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Overview

Blacksad by Juan Díaz Canales, Guarnido, Joanjo Guarnido

Now Blacksad reaches America with its incredible combination of hard-boiled and hard-shelled anthropomorphosized murder. If Raymond Chandler was writing "Roger Rabbit" or Walt Disney was drawing "The Big Sleep" you would begin to understand the fabulous conceit of the freshest graphic novel in years.

Meet private eye, John Blacksad, a cat in the shadow, passionately involved with kittenish--really kitten--Natalia Wilford. He loves the girls, but he's married to danger.

Meet New York City as a city of hoodlum rats, jazz playing gorillas, rhino thugs...

Enter a mystery as real as any other...in a city where most suspects have tails. Welcome to Blacksad.

Product Details

ISBN-13: 9780743479912
Publisher: ibooks, Incorporated
Publication date: 12/09/2003
Series: Blacksad Series
Pages: 48
Product dimensions: 9.25(w) x 12.10(h) x 0.15(d)

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Blacksad 4.9 out of 5 based on 0 ratings. 7 reviews.
CuteFluffyMurderNoodle More than 1 year ago
The idea of anthropomorphism has been around for centuries. It has since then become among the most popular methods of storytelling. Proof of that is the wide collection of animated shorts by Disney and Warner Bros. featuring beloved funny animal characters like Mickey Mouse and Bugs Bunny and comics like The Far Side, Garfield, The Smurfs, and, of course, Blacksad, which may be the leading example of modern mature anthropomorphism. The mix of the fine writing of Juan Díaz Canales and the beautiful watercolor art of Juanjo Guarnido is a brilliant concoction that must be read. This book contains the first 3 volumes in the series. The first one, Somewhere Within the Shadows (2000), deals with a murder case involving a former lover of the titular black cat character, John Blacksad, and he hunts down the killer. Next, Arctic Nation (2002), which is a kidnapping case that takes place in a suburb with a big racism problem. It also serves as the introduction of Blacksad's weasel sidekick, Weekly, who works for a tabloid magazine. Finally, there's Red Soul (2005), where Blacksad uncovers a nuclear conspiracy in which an old friend of his happens to be involved in during the Red Scare in late 1950's America. While the writing is top notch for a crime drama such as this, the highlight is the art style. Like I said earlier, it's absolutely gorgeous. Each panel is like a work of art. Even the dark scenes are lovely to look at. The character designs have a lot of variety and can range from being delightfully cute to tastefully sexy. However, there are some that argue that many of the female characters look too similar to humans, especially the feline ones. While I can see why it would be off putting to some, I still don't think it's such a heavy flaw the makes the whole comic fall apart. It offers enjoyable stories and characters that will satisfy not only crime drama fans but also comic fans in general.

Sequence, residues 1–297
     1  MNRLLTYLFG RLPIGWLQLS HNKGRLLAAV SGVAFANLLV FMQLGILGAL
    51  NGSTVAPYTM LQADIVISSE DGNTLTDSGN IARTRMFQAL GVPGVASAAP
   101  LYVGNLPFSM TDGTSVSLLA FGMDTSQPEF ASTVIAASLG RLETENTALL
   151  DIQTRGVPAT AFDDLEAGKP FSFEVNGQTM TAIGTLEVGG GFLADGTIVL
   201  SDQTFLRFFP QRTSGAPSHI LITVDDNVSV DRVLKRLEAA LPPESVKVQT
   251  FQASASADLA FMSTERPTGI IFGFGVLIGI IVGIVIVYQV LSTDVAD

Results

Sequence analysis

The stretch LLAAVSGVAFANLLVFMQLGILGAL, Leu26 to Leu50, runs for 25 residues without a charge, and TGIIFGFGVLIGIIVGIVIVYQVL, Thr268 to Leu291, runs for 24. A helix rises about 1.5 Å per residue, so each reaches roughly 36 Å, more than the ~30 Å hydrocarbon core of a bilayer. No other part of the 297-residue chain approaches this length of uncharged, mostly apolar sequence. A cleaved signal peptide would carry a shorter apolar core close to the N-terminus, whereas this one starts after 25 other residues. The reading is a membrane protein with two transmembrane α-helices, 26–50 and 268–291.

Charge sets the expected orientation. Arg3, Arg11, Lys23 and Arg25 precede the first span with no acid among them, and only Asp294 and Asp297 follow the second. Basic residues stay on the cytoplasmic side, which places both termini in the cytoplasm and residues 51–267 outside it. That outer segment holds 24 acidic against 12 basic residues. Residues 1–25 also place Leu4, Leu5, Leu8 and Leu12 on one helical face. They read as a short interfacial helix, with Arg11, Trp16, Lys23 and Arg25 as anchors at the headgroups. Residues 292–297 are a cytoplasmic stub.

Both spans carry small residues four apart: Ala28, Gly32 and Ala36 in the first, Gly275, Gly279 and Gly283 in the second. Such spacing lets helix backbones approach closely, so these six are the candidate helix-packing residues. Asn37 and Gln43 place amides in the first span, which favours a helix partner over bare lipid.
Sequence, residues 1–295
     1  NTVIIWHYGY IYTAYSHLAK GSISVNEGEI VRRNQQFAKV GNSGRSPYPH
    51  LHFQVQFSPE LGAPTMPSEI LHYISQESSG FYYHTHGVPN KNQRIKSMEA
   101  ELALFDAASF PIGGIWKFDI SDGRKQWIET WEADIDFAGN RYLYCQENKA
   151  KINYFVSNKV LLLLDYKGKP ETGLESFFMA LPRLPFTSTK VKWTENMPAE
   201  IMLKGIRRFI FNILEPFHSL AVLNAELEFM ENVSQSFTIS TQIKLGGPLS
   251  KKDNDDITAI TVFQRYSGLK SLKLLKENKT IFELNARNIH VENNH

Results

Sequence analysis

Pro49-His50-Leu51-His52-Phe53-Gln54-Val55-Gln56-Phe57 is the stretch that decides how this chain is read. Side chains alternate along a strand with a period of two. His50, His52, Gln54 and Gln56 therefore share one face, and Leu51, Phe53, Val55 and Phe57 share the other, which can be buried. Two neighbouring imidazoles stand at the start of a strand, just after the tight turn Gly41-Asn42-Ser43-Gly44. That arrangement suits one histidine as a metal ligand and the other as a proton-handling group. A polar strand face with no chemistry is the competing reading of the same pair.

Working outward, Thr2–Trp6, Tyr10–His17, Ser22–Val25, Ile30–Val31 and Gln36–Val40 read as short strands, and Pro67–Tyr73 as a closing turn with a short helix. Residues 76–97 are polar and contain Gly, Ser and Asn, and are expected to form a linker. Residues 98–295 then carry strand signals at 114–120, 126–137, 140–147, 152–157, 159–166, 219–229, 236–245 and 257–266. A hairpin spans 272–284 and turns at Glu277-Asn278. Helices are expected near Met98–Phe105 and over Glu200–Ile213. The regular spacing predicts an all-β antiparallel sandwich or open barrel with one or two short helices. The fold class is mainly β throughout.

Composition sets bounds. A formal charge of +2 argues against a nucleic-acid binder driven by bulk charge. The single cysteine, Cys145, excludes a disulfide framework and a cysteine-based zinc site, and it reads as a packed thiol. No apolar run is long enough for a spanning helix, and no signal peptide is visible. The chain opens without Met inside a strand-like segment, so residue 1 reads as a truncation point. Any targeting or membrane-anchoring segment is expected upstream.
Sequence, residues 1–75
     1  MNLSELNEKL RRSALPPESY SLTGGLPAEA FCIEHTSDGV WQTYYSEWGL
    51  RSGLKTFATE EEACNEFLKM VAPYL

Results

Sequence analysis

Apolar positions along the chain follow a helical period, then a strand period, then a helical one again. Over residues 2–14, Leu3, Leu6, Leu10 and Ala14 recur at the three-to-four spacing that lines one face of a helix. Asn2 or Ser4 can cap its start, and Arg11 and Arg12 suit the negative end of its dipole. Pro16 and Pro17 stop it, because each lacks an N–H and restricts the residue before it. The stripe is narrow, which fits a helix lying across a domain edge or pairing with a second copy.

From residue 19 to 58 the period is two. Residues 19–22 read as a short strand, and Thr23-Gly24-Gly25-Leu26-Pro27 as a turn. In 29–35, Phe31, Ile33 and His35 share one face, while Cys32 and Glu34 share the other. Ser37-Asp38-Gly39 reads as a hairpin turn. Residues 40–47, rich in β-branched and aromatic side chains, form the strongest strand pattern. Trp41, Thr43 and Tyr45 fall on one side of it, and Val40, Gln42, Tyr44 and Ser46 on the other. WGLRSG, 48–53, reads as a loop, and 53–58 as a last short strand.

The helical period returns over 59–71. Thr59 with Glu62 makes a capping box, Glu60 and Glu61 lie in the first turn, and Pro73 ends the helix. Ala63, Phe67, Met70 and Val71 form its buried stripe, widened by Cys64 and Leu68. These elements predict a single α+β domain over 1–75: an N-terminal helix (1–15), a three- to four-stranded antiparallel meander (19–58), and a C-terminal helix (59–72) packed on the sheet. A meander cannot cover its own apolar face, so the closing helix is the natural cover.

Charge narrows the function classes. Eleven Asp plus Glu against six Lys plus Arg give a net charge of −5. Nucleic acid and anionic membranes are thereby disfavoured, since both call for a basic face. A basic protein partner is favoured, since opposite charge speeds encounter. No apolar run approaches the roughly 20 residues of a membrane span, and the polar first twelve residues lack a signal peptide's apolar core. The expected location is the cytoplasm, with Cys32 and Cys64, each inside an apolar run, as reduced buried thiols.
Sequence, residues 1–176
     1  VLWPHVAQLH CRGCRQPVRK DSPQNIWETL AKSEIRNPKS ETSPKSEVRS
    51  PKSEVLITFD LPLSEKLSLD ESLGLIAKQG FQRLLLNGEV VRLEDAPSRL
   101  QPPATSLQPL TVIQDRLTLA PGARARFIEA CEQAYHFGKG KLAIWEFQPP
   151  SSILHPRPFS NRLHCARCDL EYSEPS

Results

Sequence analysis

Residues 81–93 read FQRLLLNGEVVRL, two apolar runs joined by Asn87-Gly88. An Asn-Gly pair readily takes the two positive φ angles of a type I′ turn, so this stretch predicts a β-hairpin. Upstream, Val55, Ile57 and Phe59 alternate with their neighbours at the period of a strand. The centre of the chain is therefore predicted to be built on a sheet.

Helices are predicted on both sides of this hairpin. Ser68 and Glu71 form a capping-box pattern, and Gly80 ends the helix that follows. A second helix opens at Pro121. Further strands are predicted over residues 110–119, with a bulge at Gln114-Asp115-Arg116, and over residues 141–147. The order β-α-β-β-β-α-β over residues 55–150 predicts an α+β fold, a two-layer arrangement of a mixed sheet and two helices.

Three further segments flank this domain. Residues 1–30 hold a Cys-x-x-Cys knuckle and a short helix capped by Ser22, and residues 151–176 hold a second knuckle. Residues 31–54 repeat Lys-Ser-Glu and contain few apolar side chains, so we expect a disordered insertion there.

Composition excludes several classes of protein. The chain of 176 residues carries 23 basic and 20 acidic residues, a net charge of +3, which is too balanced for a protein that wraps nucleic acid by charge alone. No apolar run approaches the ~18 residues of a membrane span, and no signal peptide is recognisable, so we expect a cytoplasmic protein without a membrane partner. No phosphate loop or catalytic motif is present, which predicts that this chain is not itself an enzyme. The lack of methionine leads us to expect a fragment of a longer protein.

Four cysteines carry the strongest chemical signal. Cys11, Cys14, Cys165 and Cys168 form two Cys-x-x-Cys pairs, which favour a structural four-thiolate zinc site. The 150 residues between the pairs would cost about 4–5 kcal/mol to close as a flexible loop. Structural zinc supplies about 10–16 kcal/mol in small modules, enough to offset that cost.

Anonymous More than 1 year ago
Anonymous More than 1 year ago
BookSakeBlogspot More than 1 year ago
Review by Chris for Book Sake This is amazing. If you love mystery or noir, this is the book for you. Both the art and the writing are spot on. The art pulls you in and then the story just won’t let you go. I felt like I was watching a movie. This has to be one of the most impressive graphic novels I’ve read. If you don’t like this book, then you will never like any comics. Don’t let the art fool you. Yes, I know it looks like a Disney movie. Maybe bringing memories of Disney’s Robin Hood to mind, but this book is not for kids. Yes, the characters are talking animals but they aren’t singing and dancing. This is a straight up, gritty, noir, detective story. There is murder, hate crimes, sex, knife fights, shootouts and anything else you’d want from the genre. So incase I wasn’t clear, yes read this book, then show it to your friends. Just keep it away from the little eyes. Review by Jessica for Book Sake This is the kind of graphic novel story I like. I'm not big into superheroes and I love a good story. This was a little weird, pretty dark and mysterious, and filled with conflicting emotions. While it does have some sex and violence to it, it isn't misplaced or gratuitous. It's still not for kids though. The art was awesome, and I agree with Chris about the Robin Hood look as well - but even darker. Animals with human-like qualities are the main characters and racism is written into the book in a pretty clever way. I'll be reading the next one to continue adoring the story and the artwork.
Anonymous More than 1 year ago
Anonymous More than 1 year ago
Guest More than 1 year ago
blacksad has great art, idea, and ART. i love the art, it is part of the story. the mood is just there with the fine detail and light-tone. i read it and re read it. it is without doubt one of the greatest comic books out today.